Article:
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Colon Cancer

Colon cancer is cancer of the large intestine (colon), the lower part of your digestive system. Rectal cancer is cancer within the rectum, which forms the last several inches of the colon. Together, they’re often referred to as colorectal cancers.

Rectal cancer often presents late as symptoms are very similar to those of benign anal diseases like piles and constipation and often ignored until it is too late.

Whilst all cancers are best treated as early as possible, this is especially important in rectal cancer. The rectum is a short tube about 12 cm long and is next to the anus. Those cancers that present late or are very close to the anus may need to be treated by total removal of the anus. If this is needed, the patient may have to wear an artificial anus constructed by bringing a loop of colon out through the abdominal wall and closing off the natural anal opening. Early detection may allow treatment without colon surgery or minimal access or minimally destructive surgery which is that much better for patients. Furthermore as the rectum sits within the narrow confines of the pelvis, the bigger the cancer the more difficult it is to get a wide clear margin which is important for cancer clearance. Males of course have a much narrower pelvis than females and fat males are the most difficult to manage in this regard.

Furthermore the earliest stage rectal cancers will not have spread outside the innermost lining of the rectum. Therefore the earlier the stage, the better the chances of survival for the patient. The second important factor in prognosis is the grade of the cancer. Thus poorly differentiated cancers have a worse prognosis than well differentiated cancers. Basically differentiation is how much a cancer cell resembles or does not resemble a normal rectal cell. The less the resemblance, the poorer the differentiation. And as mentioned already, rectal surgery is difficult at the best of times due to the narrow confines of the pelvis. The skill of the colorectal surgeon in dissection and removal of the cancer with a sufficient margin is therefore paramount in improving the patient’s chance of survival. In this regard therefore, rectal cancer may be more dangerous than cancers elsewhere in the body as almost nowhere else is surgical skill and technique so important as in patients with rectal cancer; first to cure the cancer and second to prevent unneeded removal of the anus.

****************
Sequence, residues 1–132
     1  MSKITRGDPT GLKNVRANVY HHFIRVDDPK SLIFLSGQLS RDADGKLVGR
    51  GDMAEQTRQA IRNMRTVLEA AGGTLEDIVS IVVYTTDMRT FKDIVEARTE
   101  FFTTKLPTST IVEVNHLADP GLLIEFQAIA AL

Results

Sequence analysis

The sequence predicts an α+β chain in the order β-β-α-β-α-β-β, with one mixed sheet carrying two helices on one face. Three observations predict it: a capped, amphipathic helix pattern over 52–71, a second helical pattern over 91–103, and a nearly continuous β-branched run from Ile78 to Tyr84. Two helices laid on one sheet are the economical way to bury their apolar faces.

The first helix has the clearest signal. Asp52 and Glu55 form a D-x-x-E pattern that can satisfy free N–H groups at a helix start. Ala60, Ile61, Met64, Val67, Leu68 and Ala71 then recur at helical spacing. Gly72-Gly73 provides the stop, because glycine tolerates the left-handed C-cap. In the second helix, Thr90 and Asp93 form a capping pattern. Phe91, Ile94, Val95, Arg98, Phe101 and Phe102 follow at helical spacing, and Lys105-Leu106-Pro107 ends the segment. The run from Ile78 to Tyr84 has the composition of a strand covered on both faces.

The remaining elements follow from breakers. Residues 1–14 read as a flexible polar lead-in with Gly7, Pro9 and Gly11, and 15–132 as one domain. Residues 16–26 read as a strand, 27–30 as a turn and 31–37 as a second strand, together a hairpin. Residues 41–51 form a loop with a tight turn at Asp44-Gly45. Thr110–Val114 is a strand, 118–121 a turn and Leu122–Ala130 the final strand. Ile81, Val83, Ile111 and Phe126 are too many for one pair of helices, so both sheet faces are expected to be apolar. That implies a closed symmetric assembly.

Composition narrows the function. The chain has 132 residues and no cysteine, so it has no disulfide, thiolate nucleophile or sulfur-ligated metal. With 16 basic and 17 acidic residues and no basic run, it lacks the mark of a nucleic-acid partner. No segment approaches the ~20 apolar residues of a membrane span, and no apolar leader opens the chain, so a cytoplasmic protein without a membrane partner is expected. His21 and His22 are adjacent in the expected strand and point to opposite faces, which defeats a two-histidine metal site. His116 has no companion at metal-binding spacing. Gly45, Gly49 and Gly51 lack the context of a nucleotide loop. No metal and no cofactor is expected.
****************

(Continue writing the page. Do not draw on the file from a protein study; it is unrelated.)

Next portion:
Risk factors for rectal cancers are the same as risk factors for colon cancer. These include a family history of colorectal cancer and therefore genetic predisposition is very important. Patients with a family history of colorectal cancer should be advised for screening at least 10 years earlier than the age of the youngest affected member of the family. Those with a history of colorectal polyps should also be screened appropriately by colonoscopy to remove these polyps at regular intervals. These intervals may vary according to the sort of family history present as well as the number and type of colorectal polyps present. A history of inflammatory bowel disease like ulcerative colitis and Crohn’s disease is important as these predispose to the development of colorectal cancer.

The best way of preventing and minimising rectal cancer is to have regular colonoscopic screening, Such a screening removes pre-cancerous polyps which reduces dramatically the risk of getting rectal cancer.

Rectal cancer is often said to be a surgical disease which means that surgery is the main and first mode of treatment. Early stage rectal cancers e.g. a carcinomatous polyp may well be treated by colonscopic or transanal removal without the need for major ablative surgery. Late stage rectal cancers may need chemotherapy, with or without radiotherapy, to shrink the cancer before surgery or to kill off any possible residual cancer cells after surgery. Most rectal cancers including the middle staged ones, however will need surgical removal or what is called radical rectal cancer surgery.

This sort of surgery where the rectum and all surrounding lymph nodes and vascular supply are removed or Total Mesorectal Excision (TME) Rectal Surgery may be performed by open method or laparoscopic or even robotic method. I prefer to use a combination of laparoscopic and robotic surgery for rectal cancer surgery as surgery with just three or four tiny holes enables TME to be performed and yet with minimal trauma to the patient.

Laparoscopic or robotic surgery for rectal cancer is easy and when well done, gives equivalent cure rates to open surgery but with a much smaller cosmetic scar, and greatly improved recovery and hospitalization time. Many patients are even able to play golf after such major rectal or colon surgery one week after it has been done. Most patients who undergo TME are those who have low rectal cancer. Such patients may require a temporary stoma bag where faeces is collected via an outlet on the abdominal wall. This is to minimize the bad effects of a possible leak from the very low intestinal joint next to the anus. High joints as those following higher placed rectal cancers do not normally need a temporary stoma bag.

In a very small number of patients where the rectal cancer had invaded the anal canal then total ablation of the anus may be needed. In such a situation the stoma bag is permanent. However even in this situation, we now have the technology to reconstruct a new anus from a long thigh muscle called the gracilis. Such patients can have their anus functioning in the original position again even after it had been removed to save his life from cancer.